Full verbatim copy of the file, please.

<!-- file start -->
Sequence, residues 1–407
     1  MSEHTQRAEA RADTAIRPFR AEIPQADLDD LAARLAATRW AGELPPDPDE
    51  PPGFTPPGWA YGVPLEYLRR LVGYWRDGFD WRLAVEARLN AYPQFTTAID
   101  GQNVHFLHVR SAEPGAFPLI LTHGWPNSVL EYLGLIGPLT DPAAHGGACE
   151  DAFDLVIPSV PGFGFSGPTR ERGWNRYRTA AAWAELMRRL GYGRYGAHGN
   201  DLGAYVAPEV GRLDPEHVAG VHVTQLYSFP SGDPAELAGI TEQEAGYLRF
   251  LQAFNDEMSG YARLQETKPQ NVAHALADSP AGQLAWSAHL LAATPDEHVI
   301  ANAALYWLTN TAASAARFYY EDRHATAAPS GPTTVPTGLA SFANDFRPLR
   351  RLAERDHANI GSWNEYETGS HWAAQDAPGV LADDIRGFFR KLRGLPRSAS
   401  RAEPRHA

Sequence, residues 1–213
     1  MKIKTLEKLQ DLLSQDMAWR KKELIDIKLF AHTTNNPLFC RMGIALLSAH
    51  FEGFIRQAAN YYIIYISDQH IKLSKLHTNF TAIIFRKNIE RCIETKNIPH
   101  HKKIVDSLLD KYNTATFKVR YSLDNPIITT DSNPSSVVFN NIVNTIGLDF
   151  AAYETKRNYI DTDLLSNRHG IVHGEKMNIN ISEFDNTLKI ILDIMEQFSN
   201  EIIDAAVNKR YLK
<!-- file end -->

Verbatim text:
Sequence, residues 1–407
     1  MSEHTQRAEA RADTAIRPFR AEIPQADLDD LAARLAATRW AGELPPDPDE
    51  PPGFTPPGWA YGVPLEYLRR LVGYWRDGFD WRLAVEARLN AYPQFTTAID
   101  GQNVHFLHVR SAEPGAFPLI LTHGWPNSVL EYLGLIGPLT DPAAHGGACE
   151  DAFDLVIPSV PGFGFSGPTR ERGWNRYRTA AAWAELMRRL GYGRYGAHGN
   201  DLGAYVAPEV GRLDPEHVAG VHVTQLYSFP SGDPAELAGI TEQEAGYLRF
   251  LQAFNDEMSG YARLQETKPQ NVAHALADSP AGQLAWSAHL LAATPDEHVI
   301  ANAALYWLTN TAASAARFYY EDRHATAAPS GPTTVPTGLA SFANDFRPLR
   351  RLAERDHANI GSWNEYETGS HWAAQDAPGV LADDIRGFFR KLRGLPRSAS
   401  RAEPRHA

Sequence, residues 1–213
     1  MKIKTLEKLQ DLLSQDMAWR KKELIDIKLF AHTTNNPLFC RMGIALLSAH
    51  FEGFIRQAAN YYIIYISDQH IKLSKLHTNF TAIIFRKNIE RCIETKNIPH
   101  HKKIVDSLLD KYNTATFKVR YSLDNPIITT DSNPSSVVFN NIVNTIGLDF
   151  AAYETKRNYI DTDLLSNRHG IVHGEKMNIN ISEFDNTLKI ILDIMEQFSN
   201  EIIDAAVNKR YLK